Since the Champion 4 (one piece toilet) is somewhat cumbersome, one might need another person to help carry it. Installation only requires a bolt kit and a good quality wax ring, and you can quickly complete the set up all by yourself following the provided set of instructions.
One more thing that customers appreciate about these toilets is minimal maintenance. Once you’re done with the installation, neither of these models seem to raise any major issue. They both have an antimicrobial EverClean for inside and outside. This doesn’t only enhance easy cleaning; the antimicrobial surface also protects against the growth of bacteria and mold.
Both the Champion 4 and Champion 4 max models are compliant with the height standards as specified by the Americans with Disabilities Act (ADA) guidelines for accessible facilities. In fact, the Champion 4 Max is also endorsed by the US EPA WaterSense Specifications under High-Efficiency Toilets. Unfortunately, Champion 4 does not have this certification.
From American Standard, both Champion 4 and Champion 4 max come with a ten-year warranty.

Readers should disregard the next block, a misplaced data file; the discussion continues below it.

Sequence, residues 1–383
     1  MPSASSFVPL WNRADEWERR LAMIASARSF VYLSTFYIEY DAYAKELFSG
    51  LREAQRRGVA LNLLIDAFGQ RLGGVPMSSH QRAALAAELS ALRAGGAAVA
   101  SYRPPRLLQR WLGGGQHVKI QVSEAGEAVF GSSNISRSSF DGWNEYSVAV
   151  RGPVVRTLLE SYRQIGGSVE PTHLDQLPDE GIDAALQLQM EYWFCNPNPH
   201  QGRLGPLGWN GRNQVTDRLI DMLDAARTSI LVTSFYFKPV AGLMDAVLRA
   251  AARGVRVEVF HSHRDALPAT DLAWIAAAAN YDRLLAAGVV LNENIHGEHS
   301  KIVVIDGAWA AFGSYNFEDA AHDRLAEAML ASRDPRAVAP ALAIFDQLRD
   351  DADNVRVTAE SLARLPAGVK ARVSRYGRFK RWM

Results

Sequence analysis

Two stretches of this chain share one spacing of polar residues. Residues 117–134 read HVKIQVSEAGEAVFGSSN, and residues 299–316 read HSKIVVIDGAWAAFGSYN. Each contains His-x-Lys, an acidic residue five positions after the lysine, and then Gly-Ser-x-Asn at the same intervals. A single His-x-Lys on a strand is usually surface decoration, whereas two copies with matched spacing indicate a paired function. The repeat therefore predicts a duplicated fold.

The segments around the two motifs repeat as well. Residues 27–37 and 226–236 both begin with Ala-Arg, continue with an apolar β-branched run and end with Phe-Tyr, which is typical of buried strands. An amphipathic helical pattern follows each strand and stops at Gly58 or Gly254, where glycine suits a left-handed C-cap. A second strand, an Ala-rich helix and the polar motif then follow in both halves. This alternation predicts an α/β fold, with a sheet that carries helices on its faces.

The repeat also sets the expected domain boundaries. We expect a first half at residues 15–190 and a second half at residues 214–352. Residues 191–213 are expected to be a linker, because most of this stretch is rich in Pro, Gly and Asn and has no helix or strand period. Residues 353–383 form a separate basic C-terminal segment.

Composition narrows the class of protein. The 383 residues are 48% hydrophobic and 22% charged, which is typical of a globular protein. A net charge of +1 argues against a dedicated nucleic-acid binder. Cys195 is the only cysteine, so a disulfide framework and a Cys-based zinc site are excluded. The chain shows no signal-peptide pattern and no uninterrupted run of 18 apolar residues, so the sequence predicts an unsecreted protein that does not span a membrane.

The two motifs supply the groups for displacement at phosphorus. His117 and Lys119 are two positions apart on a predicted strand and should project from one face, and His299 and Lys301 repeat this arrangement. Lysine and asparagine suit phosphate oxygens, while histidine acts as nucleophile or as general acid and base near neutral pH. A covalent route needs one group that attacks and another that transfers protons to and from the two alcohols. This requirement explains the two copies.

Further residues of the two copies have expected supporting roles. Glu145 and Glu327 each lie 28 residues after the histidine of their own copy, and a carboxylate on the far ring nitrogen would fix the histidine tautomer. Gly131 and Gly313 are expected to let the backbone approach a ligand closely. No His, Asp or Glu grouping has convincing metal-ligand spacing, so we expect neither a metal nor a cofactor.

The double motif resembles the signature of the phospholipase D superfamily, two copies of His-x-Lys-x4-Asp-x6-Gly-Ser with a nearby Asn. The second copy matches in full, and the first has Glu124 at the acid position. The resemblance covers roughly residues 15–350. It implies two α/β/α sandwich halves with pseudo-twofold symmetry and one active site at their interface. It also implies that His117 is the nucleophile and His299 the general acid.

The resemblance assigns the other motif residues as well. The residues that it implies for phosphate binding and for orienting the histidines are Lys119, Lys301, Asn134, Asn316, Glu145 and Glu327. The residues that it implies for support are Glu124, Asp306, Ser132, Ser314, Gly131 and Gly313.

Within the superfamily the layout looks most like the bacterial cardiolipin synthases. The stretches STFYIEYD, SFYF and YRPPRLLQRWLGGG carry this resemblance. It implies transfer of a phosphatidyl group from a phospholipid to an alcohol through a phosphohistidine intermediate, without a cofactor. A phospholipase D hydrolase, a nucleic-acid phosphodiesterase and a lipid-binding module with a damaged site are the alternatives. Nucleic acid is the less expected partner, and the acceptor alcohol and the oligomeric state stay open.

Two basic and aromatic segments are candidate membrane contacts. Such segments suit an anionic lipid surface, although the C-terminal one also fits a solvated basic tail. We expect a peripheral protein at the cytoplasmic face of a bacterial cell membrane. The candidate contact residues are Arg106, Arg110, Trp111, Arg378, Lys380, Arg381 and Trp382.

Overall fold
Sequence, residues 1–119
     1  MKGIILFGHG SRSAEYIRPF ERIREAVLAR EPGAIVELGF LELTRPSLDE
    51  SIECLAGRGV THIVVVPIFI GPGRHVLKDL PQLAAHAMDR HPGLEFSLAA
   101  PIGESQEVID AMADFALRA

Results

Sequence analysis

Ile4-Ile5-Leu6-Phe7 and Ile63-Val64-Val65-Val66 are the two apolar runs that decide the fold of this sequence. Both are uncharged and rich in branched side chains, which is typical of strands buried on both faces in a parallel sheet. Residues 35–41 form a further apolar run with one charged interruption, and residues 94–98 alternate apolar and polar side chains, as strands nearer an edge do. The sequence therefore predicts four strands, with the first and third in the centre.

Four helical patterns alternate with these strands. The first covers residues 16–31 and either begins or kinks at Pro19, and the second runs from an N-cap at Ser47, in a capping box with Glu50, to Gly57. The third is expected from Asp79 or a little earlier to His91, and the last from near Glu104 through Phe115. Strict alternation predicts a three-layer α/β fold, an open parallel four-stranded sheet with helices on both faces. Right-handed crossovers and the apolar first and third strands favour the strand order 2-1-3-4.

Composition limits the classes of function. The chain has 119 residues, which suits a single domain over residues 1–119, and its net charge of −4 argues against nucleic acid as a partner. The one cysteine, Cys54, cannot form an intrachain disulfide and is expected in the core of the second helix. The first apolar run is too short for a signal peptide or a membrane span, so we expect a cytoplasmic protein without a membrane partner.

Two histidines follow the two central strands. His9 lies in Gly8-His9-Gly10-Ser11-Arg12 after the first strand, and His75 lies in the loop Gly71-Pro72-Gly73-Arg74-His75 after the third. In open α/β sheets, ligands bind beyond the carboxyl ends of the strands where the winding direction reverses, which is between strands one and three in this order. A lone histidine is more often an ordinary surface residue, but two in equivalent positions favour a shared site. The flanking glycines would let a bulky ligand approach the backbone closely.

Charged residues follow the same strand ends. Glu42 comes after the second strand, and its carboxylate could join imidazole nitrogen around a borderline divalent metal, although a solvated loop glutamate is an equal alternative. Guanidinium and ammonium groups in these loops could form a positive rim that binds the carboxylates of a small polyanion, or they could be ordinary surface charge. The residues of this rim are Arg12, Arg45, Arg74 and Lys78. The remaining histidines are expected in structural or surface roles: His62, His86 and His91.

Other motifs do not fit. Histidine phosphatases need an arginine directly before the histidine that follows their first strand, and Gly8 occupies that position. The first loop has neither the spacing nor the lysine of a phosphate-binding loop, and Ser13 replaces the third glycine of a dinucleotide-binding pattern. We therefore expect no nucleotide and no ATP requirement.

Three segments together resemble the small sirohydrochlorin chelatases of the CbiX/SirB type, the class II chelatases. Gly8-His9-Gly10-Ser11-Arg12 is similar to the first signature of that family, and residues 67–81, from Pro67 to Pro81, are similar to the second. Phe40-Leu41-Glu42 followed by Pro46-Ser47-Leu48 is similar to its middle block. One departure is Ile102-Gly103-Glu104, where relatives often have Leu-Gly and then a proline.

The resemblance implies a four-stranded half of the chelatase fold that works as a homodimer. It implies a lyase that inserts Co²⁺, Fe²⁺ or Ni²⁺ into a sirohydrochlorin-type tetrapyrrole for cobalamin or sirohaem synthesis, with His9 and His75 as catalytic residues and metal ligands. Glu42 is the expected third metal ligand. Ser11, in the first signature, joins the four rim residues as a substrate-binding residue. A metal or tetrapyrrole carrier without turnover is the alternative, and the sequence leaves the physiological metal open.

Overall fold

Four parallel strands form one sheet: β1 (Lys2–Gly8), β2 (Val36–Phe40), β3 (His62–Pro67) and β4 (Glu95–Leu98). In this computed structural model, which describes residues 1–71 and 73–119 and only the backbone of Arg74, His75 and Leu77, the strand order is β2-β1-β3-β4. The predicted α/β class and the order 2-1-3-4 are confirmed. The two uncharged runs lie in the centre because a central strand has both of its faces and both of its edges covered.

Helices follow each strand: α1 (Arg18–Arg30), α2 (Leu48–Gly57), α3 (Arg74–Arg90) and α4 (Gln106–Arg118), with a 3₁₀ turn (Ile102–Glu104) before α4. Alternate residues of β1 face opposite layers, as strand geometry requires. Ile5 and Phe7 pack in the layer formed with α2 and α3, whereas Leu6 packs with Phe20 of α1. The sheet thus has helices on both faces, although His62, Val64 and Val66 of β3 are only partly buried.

Finally, it’s important to state something about downsides as no single toilet system comes with absolute good features. One downside common to both models is the absence of seats. That means you’ll need to spend some extra to get a separate seat. The next setback goes to the Champion 4. It makes noises while flushing, which is rather irritating. Besides, none of these systems incorporate a night-light technology.
After comparing the American Standard Champion 4 Vs. Champion 4 Max, we can confidently conclude that both are excellent toilet systems. However, our verdict is that you go with the Champion 4 Max as it is by far more superior and efficient. It uses 1.28 gallons upon every flush in comparison to 1.6. According to most users, the Champion 4 Max can flush away more waste from the bowl all by consuming less water and making less noise.